Arriving at the destination, it was easy to leave all contents in it without having to pack it all out. Eventually, the mesh pockets became a great spot to find tiny objects you don’t want flying around. Dirty laundry were sorted out in the other lower compartment. By the end of our vacation, I threw everything in without having to squeeze and compromise. Throw in, belt it up, zip, lock and go.
The Osprey Shuttle makes a sturdy impression. It has a ” unique injection moulded HighRoad™ chassis, consisting of an ABS polymer for durability and using polyurethane wheels that eat tarmac for breakfast.” I didn’t see the wheels actually eating tarmac, but rolling it on the road was smooth as it absorbed all the hard bumps off the road. If you have bulky gears you need to take along with you, yet keep everything in one single luggage, the Shuttle is a good choice. If you can limit your clothing and cosmetics to 5 kg together, it would be easy to keep rope and quickdraws in one luggage if you’re limited with just 20 kg/pP. Otherwise, it would be wiser to outsource or buy extra luggage fees from the airlines.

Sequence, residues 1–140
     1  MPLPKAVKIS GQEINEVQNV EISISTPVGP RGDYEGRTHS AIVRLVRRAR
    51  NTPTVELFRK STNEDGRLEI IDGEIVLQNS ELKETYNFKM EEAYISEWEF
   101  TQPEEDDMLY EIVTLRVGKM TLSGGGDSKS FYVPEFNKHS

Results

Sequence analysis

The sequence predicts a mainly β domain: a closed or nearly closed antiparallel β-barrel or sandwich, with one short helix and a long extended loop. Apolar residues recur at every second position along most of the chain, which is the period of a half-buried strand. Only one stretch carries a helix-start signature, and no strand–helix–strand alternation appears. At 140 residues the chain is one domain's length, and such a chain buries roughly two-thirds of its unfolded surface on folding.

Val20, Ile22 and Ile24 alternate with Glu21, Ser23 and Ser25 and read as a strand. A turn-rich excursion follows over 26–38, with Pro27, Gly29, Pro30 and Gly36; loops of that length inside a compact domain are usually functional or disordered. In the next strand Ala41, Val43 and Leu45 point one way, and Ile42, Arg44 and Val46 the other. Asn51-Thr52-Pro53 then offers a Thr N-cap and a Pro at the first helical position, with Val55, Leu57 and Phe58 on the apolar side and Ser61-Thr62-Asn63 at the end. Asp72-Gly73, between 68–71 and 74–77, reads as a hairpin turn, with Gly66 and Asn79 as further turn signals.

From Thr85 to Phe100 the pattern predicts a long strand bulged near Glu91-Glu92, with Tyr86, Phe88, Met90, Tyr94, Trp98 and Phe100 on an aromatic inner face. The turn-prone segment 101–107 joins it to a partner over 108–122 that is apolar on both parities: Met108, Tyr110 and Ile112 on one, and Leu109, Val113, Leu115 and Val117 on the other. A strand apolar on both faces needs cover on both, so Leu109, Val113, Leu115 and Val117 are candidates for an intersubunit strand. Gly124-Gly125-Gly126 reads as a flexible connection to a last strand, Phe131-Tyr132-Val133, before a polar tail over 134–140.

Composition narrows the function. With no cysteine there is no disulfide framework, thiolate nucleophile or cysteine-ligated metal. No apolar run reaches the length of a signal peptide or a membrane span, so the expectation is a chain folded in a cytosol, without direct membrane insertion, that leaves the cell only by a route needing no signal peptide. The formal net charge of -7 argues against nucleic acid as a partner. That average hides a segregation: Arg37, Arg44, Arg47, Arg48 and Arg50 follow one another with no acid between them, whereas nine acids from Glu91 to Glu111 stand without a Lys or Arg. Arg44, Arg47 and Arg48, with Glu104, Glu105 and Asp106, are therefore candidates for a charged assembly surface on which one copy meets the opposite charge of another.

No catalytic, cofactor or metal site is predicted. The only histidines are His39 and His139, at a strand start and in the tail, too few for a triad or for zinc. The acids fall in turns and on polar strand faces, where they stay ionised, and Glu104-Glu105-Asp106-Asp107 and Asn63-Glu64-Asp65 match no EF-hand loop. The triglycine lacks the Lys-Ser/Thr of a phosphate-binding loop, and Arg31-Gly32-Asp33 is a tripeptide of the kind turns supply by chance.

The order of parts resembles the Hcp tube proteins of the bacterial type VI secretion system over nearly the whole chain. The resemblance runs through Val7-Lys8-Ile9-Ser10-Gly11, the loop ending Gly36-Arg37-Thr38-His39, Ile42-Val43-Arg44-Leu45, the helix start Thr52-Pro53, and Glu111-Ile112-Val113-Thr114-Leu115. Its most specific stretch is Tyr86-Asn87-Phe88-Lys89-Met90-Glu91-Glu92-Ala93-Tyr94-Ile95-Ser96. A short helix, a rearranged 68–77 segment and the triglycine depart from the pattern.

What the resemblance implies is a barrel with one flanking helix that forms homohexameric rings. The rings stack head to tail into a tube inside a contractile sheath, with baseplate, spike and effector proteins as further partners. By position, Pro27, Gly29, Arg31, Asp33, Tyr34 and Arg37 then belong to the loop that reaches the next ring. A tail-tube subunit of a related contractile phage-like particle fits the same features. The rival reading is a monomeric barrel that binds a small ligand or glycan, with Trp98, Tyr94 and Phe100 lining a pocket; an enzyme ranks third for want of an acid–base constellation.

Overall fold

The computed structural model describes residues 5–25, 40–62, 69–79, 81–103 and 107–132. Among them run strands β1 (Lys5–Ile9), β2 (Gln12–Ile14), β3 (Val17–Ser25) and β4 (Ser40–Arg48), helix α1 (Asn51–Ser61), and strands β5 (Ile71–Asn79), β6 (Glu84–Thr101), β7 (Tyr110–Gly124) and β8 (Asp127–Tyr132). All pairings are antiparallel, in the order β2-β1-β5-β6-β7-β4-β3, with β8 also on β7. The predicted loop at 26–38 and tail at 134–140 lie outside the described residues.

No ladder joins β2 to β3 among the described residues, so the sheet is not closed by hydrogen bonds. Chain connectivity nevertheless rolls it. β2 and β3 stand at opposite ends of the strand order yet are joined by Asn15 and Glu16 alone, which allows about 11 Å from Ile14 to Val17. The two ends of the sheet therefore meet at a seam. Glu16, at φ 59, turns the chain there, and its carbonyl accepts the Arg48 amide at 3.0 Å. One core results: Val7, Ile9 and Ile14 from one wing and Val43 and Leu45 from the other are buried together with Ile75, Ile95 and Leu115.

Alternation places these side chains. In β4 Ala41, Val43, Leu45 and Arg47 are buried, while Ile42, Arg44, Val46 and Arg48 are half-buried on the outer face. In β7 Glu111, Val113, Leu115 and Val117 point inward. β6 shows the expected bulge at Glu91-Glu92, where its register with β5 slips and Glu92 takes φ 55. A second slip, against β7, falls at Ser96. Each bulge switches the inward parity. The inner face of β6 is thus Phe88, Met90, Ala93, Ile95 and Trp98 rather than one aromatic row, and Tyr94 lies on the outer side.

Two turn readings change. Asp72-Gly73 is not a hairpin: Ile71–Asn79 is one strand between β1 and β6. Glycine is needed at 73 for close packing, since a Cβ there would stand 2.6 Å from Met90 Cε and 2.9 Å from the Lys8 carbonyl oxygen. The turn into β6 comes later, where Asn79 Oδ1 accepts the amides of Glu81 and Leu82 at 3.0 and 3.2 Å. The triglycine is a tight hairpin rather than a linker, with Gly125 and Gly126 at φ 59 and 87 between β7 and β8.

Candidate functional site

I like how versatile the luggage is. I can compromise it small if I have less gear, or make full use of it with bulky ones. It’s a little tricky if you’re bringing on plenty of electronic gadgets, but with good planing and distribution (e.g. Handluggage allowance) , there’s always a way to spread out to your 20 kg limit. If you are looking for a luggage which you can use as a back pack on rough terrains, you might be interested in the Sojourn model with 80 litres instead.
The Osprey Shuttle costs List price 250 € for 130 litres. It’s smaller brother comes in 100 litres. Available in many online shops and directly at the Osprey Webshop.
[Disclosure: I have received product samples for my time and efforts in reviewing this product and creating this article, thanks to Osprey. All thoughts and opinions are my own. ]